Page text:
YUM Brands and The World’s Largest CSR Project


It has been a while since I've written anything about Corporate Social Responsibility, but my attention has been focused there the past few weeks as I have watched Yum Brands based right here in Louisville, KY, launch what may be the largest CSR project ever undertaken by a public company. What is it all about? According to Nick Huhn of Yum, it's about the world's largest food company partnering with the world's largest hunger relief effort. The press release about the push can be read here.

Yum! Brands (NYSE:YUM), parent of KFC, Pizza Hut and Taco Bell, today launched the world's largest hunger relief effort in an attempt to help stop world hunger. Called "World Hunger Relief Week," the program supports the United Nations World Food Programme, the frontline agency in the fight against global hunger. During October 14-20, 35,000 company and franchised restaurants located in 112 countries will be participating in some way, including KFC, Pizza Hut, Taco Bell, Long John Silver's and A&W All-American Food.

More than 850 million people know what it is like to go to bed hungry in all corners of the globe. More people die from hunger each year than from war, tuberculosis and AIDS combined. In fact, every five seconds, a child somewhere dies from hunger.

The company partnered with the U.N. World Food Programme, the world's leading humanitarian agency feeding 90 million poor people, including 58 million hungry children, in 80 of the world's poorest communities.

I tend to be skeptical of these types of corporate projects, but Yum employees have really supported this effort, donating money and time to help make a difference. Regardless of your philosophical views on CSR, this project is interesting because Yum seems to be walking the walk, not just talking the talk.

The company has set up a blog called From Hunger to Hope to chronicle the project. It includes lots of pictures and videos and I think it's an excellent example of a company using new media to engage the public. I would love to see more of that among large companies.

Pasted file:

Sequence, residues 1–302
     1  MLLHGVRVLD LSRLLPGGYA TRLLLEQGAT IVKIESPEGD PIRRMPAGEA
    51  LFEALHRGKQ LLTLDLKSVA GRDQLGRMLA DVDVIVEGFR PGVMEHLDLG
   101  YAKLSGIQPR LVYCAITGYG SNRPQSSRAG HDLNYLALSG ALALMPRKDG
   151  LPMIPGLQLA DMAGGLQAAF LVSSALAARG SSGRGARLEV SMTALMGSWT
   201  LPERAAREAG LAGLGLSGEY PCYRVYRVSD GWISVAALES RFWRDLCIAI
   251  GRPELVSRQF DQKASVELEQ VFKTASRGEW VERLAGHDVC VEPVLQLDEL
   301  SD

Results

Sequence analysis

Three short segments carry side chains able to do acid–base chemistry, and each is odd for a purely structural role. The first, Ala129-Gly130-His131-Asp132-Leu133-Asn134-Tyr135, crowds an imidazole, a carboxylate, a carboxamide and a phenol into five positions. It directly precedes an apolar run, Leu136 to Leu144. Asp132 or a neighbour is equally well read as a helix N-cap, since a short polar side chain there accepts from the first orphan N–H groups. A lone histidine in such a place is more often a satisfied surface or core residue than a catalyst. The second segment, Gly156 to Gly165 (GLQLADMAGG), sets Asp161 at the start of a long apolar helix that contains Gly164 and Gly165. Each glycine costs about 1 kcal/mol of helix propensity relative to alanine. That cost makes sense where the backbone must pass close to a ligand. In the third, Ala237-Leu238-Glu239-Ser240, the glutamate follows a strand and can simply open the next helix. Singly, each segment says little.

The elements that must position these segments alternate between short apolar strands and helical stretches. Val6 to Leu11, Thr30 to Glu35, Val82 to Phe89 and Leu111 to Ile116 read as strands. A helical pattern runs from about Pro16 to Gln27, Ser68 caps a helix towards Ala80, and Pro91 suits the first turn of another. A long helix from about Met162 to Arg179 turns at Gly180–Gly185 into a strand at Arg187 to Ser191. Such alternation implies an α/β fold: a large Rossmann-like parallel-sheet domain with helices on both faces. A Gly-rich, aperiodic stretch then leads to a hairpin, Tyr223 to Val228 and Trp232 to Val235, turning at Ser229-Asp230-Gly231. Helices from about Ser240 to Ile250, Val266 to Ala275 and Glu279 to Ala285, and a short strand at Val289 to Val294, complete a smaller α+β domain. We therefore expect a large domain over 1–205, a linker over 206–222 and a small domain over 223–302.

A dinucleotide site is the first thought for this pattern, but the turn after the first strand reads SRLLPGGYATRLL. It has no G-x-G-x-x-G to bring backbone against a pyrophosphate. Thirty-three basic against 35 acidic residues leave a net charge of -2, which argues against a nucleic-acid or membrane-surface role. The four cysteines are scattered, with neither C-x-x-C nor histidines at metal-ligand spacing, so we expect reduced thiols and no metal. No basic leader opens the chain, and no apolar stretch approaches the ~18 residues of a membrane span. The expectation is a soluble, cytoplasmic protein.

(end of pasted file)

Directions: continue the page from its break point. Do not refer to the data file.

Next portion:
The ultimate judgment on whether or not this is a good idea will be determined by the final results. Can YUM make a difference? Should YUM try to make a difference? Feel free to leave your kudos or your complaints in the post comments.

  • Thanks for bringing more attention to our global hunger relief appeal, Rob. To answer the hypothetical questions you posed at the end of the post, I received an email from Mario Fetz, WFP’s director of private donor relations in Rome that may have some answers… [message below]

  • Why not pay a dividend but give shareholders the option of having it paid to this effort instead of directly to them?

    Of course the World Food Programme is glad Yum made this donation….but do we really want to entrust our charitable activities to the corporations that we invest in? Isn’t charity more personal than that for most of us?

    As a Yum shareholder, I would have much rather been paid the dividend so that I could give it to the local charity that I know and trust myself…and let the company repair its image issues by making stores cleaner and food healthier…rather than by giving shareholder money to an organization that we had no part in researching or selecting.

  • dennis

    Great concept, however, as evrything else it comes down to the quality of execution and would franchisees be as committed to the project as Yum appears to be. In my market I see the collection boxes in store; but it sits there like the “collection cans” you commonly see. I have never been alerted to it by staff and only the POS is “selling” the programme now. I also have not seen any PR or advertising support to drive awareness and encourage donations…so 10 for idea; 2.5 for execution, dr